Sunday, May 16, 2010

Hands Off My Medicare - Are Tea Partiers "Closet" Socialists?

Hands Off My Medicare - Are Tea Partiers "Closet" Socialists?

Gregory Parkinson, a far-left gay guy who specializes in labelling opinions with which he disagrees as "lacking in reality" or "ignoring facts" claims on FaceBook that Tea Partiers are closet "socialists" because a sign was seen among the protesters against socializing the medical profession last summer with the message "Hand Off My Medicare."  He never offers extended analysis; indeed, he offers no analysis whatever, just his blunt assertions, on the premise that reasonable and rational people will, naturally, accept whatever he has to say for no better reason than his blunt assertion:

"I admire facts and reason", [he quotes from a prior post of mine] leaves out "from a far distance, and have yet to welcome any into my personal worldview."

I am totally loving the rest of this, about how only if you objected to a program do you have the "moral right" to take the money. That "reasoning" gives us the "hands off my medicare, you socialist!" teabaggers as well.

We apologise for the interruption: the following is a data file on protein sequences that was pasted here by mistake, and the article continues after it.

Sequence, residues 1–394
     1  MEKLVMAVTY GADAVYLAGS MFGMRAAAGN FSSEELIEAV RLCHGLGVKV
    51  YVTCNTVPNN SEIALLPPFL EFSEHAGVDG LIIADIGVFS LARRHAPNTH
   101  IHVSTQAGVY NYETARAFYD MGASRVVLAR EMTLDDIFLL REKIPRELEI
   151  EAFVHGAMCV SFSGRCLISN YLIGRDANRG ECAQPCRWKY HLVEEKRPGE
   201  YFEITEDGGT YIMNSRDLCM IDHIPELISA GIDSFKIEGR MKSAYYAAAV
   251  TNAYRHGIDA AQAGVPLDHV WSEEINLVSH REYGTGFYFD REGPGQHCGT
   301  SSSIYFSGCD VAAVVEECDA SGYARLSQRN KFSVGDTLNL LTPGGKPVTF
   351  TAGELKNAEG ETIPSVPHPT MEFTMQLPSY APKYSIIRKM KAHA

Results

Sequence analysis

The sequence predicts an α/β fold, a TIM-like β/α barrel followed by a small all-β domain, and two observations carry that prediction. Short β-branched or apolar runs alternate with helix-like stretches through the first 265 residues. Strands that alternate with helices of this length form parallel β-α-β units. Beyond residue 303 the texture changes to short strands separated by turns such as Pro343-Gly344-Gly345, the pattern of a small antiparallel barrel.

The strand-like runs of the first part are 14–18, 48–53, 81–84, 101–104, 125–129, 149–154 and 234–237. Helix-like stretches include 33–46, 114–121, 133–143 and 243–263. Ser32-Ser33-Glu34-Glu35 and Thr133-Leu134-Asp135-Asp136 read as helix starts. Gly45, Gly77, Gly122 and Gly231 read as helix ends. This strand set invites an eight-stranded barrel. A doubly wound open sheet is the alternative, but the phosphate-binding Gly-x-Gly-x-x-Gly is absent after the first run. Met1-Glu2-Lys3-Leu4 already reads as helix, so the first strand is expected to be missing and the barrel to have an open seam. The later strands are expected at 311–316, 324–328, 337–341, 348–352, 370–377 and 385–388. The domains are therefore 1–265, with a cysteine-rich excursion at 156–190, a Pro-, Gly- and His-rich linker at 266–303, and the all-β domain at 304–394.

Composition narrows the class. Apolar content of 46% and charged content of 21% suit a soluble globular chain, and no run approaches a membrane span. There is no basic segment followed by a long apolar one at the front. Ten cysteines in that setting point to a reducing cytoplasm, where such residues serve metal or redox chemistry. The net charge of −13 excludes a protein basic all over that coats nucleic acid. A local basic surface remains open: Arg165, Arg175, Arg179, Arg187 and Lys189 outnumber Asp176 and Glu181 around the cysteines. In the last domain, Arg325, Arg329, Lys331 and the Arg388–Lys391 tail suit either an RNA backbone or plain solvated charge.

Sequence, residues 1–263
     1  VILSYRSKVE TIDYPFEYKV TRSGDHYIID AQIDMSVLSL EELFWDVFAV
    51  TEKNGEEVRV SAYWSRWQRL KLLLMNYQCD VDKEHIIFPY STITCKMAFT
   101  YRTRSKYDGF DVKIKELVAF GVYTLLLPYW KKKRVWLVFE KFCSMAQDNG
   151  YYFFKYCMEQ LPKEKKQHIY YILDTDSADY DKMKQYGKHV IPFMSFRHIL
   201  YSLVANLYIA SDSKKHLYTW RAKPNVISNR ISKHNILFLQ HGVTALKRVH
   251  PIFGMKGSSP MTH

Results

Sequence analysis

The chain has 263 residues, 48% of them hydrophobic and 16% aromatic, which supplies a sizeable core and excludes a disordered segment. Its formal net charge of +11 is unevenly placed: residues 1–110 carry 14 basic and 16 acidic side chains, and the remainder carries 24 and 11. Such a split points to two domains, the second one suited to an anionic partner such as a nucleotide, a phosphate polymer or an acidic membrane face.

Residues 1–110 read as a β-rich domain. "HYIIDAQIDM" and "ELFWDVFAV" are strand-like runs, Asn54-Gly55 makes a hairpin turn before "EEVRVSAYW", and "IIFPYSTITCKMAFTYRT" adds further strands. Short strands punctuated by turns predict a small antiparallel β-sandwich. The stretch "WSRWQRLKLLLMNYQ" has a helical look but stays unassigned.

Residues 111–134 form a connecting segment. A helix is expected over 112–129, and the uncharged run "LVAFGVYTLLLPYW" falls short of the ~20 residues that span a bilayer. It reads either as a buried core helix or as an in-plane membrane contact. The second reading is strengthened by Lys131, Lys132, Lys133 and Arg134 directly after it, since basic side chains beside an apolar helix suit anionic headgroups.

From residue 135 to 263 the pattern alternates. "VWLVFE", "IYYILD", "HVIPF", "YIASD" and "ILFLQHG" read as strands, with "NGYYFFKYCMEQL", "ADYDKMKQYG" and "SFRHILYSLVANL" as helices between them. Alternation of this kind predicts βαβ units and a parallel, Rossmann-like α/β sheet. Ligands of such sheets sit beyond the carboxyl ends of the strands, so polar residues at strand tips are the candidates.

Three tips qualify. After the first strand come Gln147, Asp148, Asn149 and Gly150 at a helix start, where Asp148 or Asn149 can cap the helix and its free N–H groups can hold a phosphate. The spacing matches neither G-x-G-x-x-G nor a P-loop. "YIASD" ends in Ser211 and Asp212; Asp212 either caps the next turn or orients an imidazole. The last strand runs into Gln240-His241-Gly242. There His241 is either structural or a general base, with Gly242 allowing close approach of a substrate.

Let's take a look at Parkinson's slur to see if there is any substance to it.

The phrase "hands off my medicare" clearly implies "possession." 

One fact Parkinson conveniently ignores is the government's political promise, made by generations of Democrat politicians, that the Social Security Program (and Medicare has been represented by them as part of the Social Security Program) is *not* a form of wealth redistribution, is *not* a form of "welfare" or the "dole" but should be thought of as something like a government pension program, in which the worker and the employer each contribute to a "fund" from which retired workers can "withdraw" their "earned" benefits.